The Creation of the British Motor Industry Heritage Trust

In 1968 the British Leyland Motor Corporation was created by a merger which brought together most of the surviving British Motor manufacturers. Many individual companies owned a number of old vehicles which had been kept for historic or publicity purposes so ‘Leyland Historic Vehicles’ was set up in 1975 to look after them all.

The department soon began to accumulate historic documents and photographs and by 1979 had become a self-funding operation, renamed BL Heritage Ltd.

By 1983 the archive and vehicle collections had grown to the point where it was decided to establish an independent charitable trust to safeguard them. This was how the British Motor Industry Heritage Trust came into being.


Early Days

As ‘Leyland Historic Vehicles’ matured into a Trust, it outgrew its accommodation at the Longbridge factory. In 1978 the archive collections and vehicle workshop moved to Studley Castle which British Leyland had acquired in the 1970s as a conference and training facility. Studley had formerly been an agricultural college and thus our documents and reserve vehicles were housed in rather charmingly named buildings such as the ‘coach house’ and the ‘milking parlour’, but it was not possible to bring the public onto this site.

Studley Castle outbuildings – home to BL Heritage Ltd. In the 1980s
Studley Castle outbuildings – home to BL Heritage Ltd. In the 1980s

Some vehicles had been put on display at Donington Park, but at the end of 1980 a larger selection moved to a small museum in the grounds of Syon Park in London.

In 1983 the British Motor Industry Heritage Trust (BMIHT) was formed to secure the collection for the Nation. It owns a wide range of historical items which help describe the long and varied history of motor car manufacture in Britain, since its early beginnings more than one hundred years ago. Every item that it collects has been made by or is connected to British motor manufacturers.

As the BMIHT vehicle and archive collection continued to grow and it was obvious that a new home was required. With help from Rover Group, in 1993 the Heritage Motor Centre at Gaydon was opened, enabling many more of the cars in the collection to be put on display and the Archive to be stored in a professional environment.

The Trust Today

Today the Trust continues to grow and shape its work and collections.

The Trust has raised funds for many projects including the purchase of the Nick Baldwin Collections, and two major museum re-development projects. The addition of a mezzanine floor to provide extra exhibition space in 2007, and the new Collections Centre in 2015. A 4500m2 building which houses the reserve vehicle collections of the British Motor Industry Heritage Trust and the Jaguar Heritage Trust.

Following the development of the Collections Centre an extensive museum redevelopment took place in 2015/16 and the museum re-branded and re-opened in Feb 2016 known as the British Motor Museum.

The Trust maintains its philosophy of preserving Britain’s motoring heritage and sharing its story with the nation.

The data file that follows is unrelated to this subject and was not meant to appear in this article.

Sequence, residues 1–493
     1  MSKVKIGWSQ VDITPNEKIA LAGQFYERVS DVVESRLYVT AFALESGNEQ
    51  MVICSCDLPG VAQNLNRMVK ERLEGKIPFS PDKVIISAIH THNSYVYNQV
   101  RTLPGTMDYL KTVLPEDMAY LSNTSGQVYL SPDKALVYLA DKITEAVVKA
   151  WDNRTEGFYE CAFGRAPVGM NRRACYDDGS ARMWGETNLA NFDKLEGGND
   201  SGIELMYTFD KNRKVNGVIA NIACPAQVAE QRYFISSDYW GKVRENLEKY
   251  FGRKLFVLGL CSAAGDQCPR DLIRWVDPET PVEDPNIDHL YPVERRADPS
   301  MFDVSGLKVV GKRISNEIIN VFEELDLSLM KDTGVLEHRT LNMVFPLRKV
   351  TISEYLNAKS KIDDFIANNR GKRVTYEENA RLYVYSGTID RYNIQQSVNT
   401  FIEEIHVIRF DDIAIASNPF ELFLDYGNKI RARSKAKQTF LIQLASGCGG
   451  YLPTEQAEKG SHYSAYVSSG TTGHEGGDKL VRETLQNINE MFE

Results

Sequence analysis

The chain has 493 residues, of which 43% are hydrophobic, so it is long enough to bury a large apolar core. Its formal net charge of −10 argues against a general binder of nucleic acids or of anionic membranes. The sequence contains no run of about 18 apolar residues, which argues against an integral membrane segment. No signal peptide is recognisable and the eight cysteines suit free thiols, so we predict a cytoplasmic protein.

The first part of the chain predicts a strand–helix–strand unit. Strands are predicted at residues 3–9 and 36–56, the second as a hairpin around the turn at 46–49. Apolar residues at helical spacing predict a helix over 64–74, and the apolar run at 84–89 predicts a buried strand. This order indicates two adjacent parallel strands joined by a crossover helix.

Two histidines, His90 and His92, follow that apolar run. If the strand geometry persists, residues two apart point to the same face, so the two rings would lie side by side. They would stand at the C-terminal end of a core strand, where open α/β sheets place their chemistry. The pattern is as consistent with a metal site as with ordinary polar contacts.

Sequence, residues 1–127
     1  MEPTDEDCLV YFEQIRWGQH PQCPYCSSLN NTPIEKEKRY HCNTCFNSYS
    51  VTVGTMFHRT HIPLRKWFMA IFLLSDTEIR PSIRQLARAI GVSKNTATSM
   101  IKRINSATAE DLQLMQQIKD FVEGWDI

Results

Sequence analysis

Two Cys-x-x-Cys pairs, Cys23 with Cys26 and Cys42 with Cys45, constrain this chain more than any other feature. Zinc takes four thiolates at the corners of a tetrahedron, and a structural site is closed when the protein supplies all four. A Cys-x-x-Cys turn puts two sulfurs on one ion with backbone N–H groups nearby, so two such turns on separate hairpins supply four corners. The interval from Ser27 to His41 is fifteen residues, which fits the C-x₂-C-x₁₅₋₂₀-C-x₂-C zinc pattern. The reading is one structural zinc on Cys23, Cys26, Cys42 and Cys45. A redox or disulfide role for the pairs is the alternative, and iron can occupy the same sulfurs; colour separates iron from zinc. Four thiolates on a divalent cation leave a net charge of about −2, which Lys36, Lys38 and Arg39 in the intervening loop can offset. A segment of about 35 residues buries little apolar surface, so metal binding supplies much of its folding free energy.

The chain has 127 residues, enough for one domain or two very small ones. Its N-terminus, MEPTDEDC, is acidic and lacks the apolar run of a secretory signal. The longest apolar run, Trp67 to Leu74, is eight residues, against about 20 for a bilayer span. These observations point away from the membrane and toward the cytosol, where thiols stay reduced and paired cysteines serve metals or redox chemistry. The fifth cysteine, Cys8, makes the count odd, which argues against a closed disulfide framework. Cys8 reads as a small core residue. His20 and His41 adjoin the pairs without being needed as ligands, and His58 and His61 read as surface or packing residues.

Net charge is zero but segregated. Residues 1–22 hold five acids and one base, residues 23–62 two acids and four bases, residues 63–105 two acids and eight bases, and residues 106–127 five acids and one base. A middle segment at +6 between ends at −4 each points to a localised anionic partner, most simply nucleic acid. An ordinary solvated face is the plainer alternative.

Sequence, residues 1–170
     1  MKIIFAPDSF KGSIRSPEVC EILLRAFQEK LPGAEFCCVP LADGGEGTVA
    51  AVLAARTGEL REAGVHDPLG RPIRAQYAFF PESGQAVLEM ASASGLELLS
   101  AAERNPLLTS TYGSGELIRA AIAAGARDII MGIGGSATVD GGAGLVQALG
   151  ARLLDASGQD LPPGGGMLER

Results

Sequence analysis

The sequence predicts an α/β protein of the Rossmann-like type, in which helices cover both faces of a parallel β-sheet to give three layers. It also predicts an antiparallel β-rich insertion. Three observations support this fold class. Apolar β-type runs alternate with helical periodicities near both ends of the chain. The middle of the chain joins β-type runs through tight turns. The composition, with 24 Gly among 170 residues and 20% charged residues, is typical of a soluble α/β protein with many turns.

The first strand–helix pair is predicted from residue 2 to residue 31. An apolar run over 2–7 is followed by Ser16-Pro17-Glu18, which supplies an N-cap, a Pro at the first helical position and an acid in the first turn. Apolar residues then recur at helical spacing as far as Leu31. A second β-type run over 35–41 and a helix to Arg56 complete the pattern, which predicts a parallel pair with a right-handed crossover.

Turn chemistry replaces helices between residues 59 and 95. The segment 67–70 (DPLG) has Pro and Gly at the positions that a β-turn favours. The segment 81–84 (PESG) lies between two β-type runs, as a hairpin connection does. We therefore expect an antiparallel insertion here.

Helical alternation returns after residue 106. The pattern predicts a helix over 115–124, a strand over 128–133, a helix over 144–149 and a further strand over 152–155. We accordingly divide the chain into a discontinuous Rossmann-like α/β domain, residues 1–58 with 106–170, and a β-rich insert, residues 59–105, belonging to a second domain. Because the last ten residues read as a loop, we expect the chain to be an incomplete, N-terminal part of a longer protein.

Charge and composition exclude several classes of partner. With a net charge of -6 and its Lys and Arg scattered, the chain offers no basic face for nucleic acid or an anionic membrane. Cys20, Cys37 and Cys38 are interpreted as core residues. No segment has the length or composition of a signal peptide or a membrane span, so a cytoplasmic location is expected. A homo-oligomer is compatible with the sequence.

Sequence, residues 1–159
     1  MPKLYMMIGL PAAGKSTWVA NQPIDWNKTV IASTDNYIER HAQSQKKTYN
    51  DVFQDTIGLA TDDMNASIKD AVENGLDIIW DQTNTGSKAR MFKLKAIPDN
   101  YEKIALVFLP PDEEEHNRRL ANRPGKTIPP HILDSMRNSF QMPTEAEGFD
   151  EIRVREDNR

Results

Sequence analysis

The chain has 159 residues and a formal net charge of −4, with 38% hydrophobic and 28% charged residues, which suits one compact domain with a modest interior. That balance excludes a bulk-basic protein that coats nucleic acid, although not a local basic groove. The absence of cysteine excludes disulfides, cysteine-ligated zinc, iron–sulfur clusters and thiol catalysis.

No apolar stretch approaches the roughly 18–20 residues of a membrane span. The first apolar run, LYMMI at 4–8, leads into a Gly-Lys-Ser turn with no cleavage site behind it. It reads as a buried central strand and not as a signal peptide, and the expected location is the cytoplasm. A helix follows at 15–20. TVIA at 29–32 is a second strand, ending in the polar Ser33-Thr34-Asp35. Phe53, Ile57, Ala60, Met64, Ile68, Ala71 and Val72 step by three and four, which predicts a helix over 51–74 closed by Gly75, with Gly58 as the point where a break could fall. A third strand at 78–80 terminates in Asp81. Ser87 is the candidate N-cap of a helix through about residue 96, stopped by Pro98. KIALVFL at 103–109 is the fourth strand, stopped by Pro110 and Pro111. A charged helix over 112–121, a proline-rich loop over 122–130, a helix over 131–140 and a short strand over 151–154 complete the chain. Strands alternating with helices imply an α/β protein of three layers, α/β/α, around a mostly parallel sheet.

The Trust’s Archive now encompasses thousands of business and sales documents, more than a million images and miles of moving film, all of which chart the course of the British motor industry from the 1880s up to present day. The Archive provides access to many of its records for authors, academics, press and the media and the demand for its Heritage Certificates continues to grow.

The British Motor Industry Heritage Trust Archive
The British Motor Industry Heritage Trust Archive


1983 - British Leyland forms four independent Charitable Trusts to preserve its historic collections:-

1. British Motor Industry Heritage Trust – the Managing Trust (BMIHT)

2. Austin Rover Group Heritage Trust (ARGHT)

3. Jaguar Daimler Heritage Trust (JDHT)

4. British Commercial Vehicle Museum Trust (BCVMT).

The headquarters is set up at Studley, Warwickshire.     

1990 - Ford Motor Company buys Jaguar Cars; JDHT withdraws from the BMIHT management agreement and sets up its own operation at Browns Lane, Coventry. RGHT is dissolved and its collections are gifted to BMIHT.

1991 - Rover Group confirms its decision to build a new museum for BMIHT.

1993 - Heritage Motor Centre opens at Gaydon.

2004 - BMIHT is granted £654,000 by the Heritage Lottery Fund towards the purchase and cataloguing of the Nick Baldwin Archive.

2007 - BMIHT is awarded a further £1m by the Heritage Lottery Fund towards the first museum redevelopment project, including the building of a new mezzanine level.

2008-2013 - BMIHT raises £333,500 in funding and grants for various conservation, restoration and community education programmes as well as for acquisitions and museum development research.  Total project costs £466,000.

2014-2015 - Heritage Lottery Fund grants BMIHT £1.424m towards the construction of the Collections Centre.  Further funding comes from Jaguar Land Rover, The Garfield Weston Foundation, BMIHT and JHT (previously JDHT).  Total project costs £4m.

2015 - BMIHT awarded £811,600 by Arts Council England from its Museum Resilience Fund (MRF) for a three-year programme to build a sustainable future for the organisation and to share its skills with the museum and archive sectors.

2015-2016 - BMIHT closes the Museum for 10 weeks to undertake a major refurbishment programme and re-brand.

2016 - British Motor Museum and the Collections Centre officially open on 13 February.

2018 - Following the conclusion of MRF funding in April 2018, BMIHT became part of the Arts Council’s prestigious National Portfolio, joining more than 80 other museums. A four-year funding package of £220,000 per year will support community engagement.